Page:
Science Fair Project Encyclopedia
Born in New York City, New York, West flunked Tufts University in 1921 and received an advanced degree from Brown in 1924. He spent the winter of 1925/26 in Paris writing The Dream Life of Balso Snell , his first novel, which was published in 1931. When he returned to the United States, he legally changed his name. He managed cheap New York hotels for his father until 1933, when he published what would become his best-known novel, Miss Lonelyhearts. In 1935 he went to Hollywood to become a screenwriter. His last novel was The Day of the Locust, published in 1939, the year before his death in an automobile accident, reportedly on the way to F. Scott Fitzgerald's funeral. He is buried in Mount Zion Cemetery in Queens, New York.
West was an innovative writer with a considerable influence on subsequent generations. His novels revealed the grotesqueness and sterility of the American Dream, especially its materialistic side. He was ostensibly surrealist in his outlook, as well. He never rose to any heights of fame while alive, but his popularity rose after his premature death.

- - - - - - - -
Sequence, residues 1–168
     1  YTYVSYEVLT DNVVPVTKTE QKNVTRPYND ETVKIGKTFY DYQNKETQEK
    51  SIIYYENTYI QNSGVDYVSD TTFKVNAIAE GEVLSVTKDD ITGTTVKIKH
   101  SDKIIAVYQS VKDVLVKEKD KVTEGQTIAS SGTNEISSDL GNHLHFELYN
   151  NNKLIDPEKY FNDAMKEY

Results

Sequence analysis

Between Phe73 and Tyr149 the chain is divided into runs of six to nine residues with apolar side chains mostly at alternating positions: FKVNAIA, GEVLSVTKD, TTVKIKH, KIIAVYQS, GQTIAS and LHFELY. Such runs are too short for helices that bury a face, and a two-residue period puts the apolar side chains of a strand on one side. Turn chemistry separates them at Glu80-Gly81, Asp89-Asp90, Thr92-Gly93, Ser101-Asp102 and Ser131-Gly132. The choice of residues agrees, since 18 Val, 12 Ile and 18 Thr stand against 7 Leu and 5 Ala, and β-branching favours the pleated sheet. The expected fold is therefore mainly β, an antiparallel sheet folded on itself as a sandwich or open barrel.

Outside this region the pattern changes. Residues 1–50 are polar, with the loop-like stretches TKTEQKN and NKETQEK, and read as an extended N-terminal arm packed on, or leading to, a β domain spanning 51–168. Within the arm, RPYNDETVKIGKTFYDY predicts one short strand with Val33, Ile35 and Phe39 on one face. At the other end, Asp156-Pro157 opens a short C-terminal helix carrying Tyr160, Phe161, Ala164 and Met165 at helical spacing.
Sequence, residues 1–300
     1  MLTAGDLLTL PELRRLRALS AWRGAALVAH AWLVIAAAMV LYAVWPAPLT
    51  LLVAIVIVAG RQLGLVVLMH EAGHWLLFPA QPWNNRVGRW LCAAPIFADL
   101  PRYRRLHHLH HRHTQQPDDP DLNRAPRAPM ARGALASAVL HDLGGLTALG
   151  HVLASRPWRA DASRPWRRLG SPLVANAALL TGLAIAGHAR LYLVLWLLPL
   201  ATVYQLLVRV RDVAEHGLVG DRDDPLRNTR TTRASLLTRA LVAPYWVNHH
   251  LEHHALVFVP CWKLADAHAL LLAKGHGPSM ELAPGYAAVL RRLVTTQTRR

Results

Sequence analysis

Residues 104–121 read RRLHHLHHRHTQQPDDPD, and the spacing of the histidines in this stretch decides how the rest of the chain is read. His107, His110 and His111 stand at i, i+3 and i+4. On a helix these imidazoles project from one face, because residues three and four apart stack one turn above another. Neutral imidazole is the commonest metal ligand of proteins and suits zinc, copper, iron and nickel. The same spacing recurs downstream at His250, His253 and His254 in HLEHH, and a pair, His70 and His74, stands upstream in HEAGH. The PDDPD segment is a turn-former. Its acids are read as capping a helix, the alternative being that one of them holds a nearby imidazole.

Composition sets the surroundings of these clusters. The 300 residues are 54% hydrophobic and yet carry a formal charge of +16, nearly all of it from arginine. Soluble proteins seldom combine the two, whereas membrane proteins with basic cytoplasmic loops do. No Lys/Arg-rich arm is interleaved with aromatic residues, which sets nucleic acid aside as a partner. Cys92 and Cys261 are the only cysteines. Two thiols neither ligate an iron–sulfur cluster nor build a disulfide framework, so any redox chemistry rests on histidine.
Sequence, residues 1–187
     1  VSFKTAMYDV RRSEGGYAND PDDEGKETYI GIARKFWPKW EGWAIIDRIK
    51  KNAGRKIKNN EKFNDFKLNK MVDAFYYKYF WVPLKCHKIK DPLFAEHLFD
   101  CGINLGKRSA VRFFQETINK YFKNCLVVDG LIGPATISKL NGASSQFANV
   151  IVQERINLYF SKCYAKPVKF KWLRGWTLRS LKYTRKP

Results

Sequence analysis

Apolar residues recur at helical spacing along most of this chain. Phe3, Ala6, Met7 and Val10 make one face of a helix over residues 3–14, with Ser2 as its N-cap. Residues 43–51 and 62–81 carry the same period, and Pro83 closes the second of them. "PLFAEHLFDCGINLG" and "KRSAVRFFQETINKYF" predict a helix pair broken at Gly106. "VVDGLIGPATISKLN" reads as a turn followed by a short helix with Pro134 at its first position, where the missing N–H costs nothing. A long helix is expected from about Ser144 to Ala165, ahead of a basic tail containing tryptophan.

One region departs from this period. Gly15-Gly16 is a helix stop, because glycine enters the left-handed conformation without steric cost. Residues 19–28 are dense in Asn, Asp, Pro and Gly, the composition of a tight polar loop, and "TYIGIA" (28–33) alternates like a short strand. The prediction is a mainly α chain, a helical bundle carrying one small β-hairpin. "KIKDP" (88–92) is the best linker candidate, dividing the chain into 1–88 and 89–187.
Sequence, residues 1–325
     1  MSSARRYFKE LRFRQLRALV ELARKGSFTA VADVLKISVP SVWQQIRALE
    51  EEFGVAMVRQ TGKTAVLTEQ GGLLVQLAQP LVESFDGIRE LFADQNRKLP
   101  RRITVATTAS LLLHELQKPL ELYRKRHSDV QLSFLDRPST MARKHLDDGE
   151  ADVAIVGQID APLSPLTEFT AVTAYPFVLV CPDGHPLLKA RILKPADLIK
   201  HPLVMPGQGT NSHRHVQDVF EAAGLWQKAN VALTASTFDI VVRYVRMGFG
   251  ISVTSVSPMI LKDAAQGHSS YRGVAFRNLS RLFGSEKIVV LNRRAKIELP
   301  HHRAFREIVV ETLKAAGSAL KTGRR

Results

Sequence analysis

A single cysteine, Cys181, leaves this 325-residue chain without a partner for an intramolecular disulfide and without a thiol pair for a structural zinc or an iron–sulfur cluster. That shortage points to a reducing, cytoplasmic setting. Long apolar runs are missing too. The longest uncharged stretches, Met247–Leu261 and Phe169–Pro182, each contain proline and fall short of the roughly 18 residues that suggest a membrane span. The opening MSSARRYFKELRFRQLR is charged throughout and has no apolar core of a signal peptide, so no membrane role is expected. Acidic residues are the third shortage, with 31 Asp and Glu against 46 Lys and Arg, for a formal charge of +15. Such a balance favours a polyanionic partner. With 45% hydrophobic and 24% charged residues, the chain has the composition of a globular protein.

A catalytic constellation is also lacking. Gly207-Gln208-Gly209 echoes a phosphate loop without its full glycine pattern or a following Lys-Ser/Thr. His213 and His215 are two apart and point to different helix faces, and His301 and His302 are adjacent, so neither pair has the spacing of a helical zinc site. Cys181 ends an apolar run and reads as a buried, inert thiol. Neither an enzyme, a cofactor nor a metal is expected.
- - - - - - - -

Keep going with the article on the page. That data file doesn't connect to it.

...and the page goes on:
- The Dream Life of Balso Snell (1931)
- Miss Lonelyhearts (1933)
- A Cool Million (1934)
- The Day of the Locust (1939)
- Good Hunting
- Books and Writers: Nathanael West (1903-1940)
- Literary Traveler: The California Dreams of Nathanael West
- Nathanael West and the American Apocalyptic
- Nathanael West's Centennial
- Martin, Jay, Nathanael West: The Art of His Life, New York: Farrar, Straus & Giroux, 1970.
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